Until the turn of the year, few Americans had much reason to have heard of SeaTac, a small community just outside of Seattle, Washington. Those aware of the town’s existence knew it as a place that exists to serve the city’s bustling Seattle-Tacoma International Airport, but SeaTac is now firmly on the map.
Recent events there have shined a light on the increasingly febrile, high-energy politics of low pay and also shown something about how paralysis on Capitol Hill is prompting more states, cities and communities in the US to act to improve their prospects.
The issue of chronic low pay has been thrust into the spotlight over the past year by US President Barack Obama, whose proposal to hike the federal hourly minimum wage from US$7.25 to US$10.10 would mean a direct pay rise for more than 16 million workers, with another 8 million benefiting indirectly. By any standard, that would represent a major increase, but it would only restore the federal minimum wage to just above the level it attained 45 years ago, after adjusting for inflation. However, it is a proposal that appears very unlikely to get passed by the US Congress any time soon. For now, low-paid workers will have to look elsewhere for a pay rise.
A generation ago, SeaTac was what Americans would call a middle-class town where a jet refueler or baggage handler could earn a decent living, but those days are long gone. These and many other jobs now pay far less, with salaries either at or slightly higher than the local minimum wage.
“It’s gone from being comfortable to a poor town, even in a prosperous corner of the US,” said David Rolf, the influential vice president of the Service Employees International Union and a guiding hand behind events at SeaTac. “This story of a whole community being shut out of prosperity is a microcosm of what’s been happening across America”
It is a familiar tale and one worthy of a chapter in last year’s spellbinding book The Unwinding by George Packer, which narrates the decline of the great US middle class and the rise of trickle-up poverty. During the 1980s and 1990s, airlines increasingly outsourced more jobs, benefits were cut back and across the great majority of the airport economy, wages were reduced to about the minimum. In 2005, one of the big airlines operating at SeaTac fired nearly 500 baggage handlers and hired contractors to replace them. Those who lost their jobs earned about US$13 an hour, while the new contractors take home a measly US$9.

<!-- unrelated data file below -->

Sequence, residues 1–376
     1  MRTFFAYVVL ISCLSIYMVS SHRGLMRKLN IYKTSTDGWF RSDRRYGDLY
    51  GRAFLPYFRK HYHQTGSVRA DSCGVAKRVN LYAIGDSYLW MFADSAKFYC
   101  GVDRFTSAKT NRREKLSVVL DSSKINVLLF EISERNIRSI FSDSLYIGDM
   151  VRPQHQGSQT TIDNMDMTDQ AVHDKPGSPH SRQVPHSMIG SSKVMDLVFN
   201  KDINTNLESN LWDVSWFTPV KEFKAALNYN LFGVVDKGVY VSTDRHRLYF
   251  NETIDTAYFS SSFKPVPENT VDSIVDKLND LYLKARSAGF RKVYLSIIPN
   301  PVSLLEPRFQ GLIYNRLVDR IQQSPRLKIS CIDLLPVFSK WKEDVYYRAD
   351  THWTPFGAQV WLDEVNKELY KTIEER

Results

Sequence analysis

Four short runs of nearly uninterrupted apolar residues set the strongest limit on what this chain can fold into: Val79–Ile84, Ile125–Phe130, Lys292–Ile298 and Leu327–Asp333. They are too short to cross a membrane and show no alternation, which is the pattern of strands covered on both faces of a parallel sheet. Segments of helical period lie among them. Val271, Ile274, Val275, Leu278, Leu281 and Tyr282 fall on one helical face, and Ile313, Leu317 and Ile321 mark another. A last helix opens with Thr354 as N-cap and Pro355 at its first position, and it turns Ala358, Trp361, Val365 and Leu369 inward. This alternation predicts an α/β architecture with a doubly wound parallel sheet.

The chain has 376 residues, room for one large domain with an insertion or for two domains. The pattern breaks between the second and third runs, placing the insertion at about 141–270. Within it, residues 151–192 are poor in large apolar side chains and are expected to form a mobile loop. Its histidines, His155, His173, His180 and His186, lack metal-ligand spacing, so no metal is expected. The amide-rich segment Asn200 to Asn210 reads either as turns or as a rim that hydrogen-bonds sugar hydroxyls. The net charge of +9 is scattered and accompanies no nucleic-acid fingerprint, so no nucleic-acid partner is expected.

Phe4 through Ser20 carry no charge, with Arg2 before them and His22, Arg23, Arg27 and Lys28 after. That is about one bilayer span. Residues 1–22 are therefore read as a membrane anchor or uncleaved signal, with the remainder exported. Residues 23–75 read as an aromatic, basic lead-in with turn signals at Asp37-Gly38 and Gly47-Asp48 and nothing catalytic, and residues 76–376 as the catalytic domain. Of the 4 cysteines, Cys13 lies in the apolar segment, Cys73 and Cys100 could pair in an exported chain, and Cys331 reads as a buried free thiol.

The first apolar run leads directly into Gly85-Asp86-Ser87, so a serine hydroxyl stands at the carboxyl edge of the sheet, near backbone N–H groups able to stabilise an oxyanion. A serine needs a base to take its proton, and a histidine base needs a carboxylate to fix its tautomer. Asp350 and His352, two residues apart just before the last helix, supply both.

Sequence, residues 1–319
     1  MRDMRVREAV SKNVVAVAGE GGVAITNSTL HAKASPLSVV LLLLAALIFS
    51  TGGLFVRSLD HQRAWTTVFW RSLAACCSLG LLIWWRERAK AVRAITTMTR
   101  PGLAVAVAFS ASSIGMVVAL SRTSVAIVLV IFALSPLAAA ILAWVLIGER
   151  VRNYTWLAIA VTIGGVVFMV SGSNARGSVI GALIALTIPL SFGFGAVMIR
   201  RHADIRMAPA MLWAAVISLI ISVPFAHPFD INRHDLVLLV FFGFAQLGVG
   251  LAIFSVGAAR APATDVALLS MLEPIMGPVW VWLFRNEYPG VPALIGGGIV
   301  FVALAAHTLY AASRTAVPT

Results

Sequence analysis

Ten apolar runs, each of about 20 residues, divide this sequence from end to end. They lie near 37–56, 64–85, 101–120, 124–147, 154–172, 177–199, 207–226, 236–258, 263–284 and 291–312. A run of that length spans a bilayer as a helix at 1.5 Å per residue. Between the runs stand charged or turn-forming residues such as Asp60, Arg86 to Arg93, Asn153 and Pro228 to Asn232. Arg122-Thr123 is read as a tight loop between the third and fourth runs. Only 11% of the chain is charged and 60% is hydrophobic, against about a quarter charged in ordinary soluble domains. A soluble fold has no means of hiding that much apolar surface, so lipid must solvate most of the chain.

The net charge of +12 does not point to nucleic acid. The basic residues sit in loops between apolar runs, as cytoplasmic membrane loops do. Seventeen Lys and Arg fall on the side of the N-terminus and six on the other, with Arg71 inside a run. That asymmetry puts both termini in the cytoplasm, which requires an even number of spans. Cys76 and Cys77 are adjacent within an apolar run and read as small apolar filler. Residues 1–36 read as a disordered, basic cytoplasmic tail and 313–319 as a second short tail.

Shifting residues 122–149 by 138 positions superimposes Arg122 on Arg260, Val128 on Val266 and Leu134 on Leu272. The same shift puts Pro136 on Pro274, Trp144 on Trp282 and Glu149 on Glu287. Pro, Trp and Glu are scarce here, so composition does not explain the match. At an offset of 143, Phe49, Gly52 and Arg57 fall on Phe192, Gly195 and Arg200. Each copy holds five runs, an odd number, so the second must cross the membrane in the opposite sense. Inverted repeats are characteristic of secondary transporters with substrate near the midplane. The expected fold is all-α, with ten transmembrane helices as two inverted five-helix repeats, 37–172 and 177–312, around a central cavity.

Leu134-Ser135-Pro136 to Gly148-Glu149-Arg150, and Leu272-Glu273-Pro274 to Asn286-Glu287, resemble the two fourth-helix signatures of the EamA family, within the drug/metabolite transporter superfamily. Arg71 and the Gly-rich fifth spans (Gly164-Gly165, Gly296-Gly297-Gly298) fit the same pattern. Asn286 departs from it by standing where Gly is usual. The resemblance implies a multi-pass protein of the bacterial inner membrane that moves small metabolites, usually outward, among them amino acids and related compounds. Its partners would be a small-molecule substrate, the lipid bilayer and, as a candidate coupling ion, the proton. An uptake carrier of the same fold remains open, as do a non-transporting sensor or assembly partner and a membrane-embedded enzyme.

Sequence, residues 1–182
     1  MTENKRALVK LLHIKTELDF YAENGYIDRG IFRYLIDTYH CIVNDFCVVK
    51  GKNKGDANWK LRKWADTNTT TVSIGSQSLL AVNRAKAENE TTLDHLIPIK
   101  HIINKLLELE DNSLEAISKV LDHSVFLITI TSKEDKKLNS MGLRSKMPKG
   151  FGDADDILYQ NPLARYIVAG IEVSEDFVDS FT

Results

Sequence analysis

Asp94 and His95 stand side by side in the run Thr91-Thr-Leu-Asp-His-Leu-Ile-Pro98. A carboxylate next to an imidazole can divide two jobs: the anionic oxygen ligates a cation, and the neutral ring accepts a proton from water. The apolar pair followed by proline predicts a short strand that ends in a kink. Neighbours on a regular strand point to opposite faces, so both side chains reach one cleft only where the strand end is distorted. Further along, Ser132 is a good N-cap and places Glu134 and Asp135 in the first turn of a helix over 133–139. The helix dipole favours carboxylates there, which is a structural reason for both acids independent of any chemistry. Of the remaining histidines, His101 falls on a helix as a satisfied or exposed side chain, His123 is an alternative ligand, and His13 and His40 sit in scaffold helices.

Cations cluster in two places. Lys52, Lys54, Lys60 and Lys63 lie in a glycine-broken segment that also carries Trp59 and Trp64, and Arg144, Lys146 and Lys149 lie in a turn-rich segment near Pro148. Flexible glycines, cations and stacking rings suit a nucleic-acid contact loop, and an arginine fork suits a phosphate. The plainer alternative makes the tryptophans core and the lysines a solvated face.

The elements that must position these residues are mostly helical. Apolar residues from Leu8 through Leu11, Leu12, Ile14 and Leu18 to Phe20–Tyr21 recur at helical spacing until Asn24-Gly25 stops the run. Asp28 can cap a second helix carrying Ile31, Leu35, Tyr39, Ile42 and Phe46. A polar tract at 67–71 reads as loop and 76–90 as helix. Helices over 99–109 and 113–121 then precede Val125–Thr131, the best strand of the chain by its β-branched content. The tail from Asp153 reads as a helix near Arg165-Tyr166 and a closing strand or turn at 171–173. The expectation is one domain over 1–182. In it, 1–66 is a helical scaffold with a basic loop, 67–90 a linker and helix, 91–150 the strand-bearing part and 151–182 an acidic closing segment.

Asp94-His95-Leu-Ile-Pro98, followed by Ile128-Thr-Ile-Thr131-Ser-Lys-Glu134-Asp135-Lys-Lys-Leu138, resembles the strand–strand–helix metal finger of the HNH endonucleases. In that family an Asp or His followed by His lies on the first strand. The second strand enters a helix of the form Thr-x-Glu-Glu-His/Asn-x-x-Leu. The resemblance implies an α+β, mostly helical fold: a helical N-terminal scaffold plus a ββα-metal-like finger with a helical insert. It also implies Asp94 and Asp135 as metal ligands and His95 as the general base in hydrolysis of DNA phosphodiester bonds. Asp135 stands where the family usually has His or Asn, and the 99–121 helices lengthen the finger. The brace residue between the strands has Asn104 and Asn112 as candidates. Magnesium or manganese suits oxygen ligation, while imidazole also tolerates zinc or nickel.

More recently there have been repeated union efforts to organize workers, but to no avail. An escalation of traditional forms of protest — marches, rallies, press campaigns — all sought to get the airlines and other employers to lift pay or improve conditions, but again, all failed.
“Given the opposition we faced, only a higher level of disruption was going to shift events,” Rolf said.
This disruption came in the form of a petition that easily garnered enough support to force a local referendum on the minimum wage. A coalition of unions, faith and community groups decided to push for an increase in SeaTac’s wage floor from Washington’s minimum wage of just more than US$9 to US$15, with exemptions for small employers.
The campaign was fought by both sides — unions and community groups versus employer bodies — with an intensity normally reserved for a swing state in the runup to a presidential election that saw a couple million dollars spent on an electorate of 12,000 voters. “Yes! For SeaTac” — those pushing for the pay rise — knocked on the door of each home an average of four times. Both sides knew the cost of failure would be high.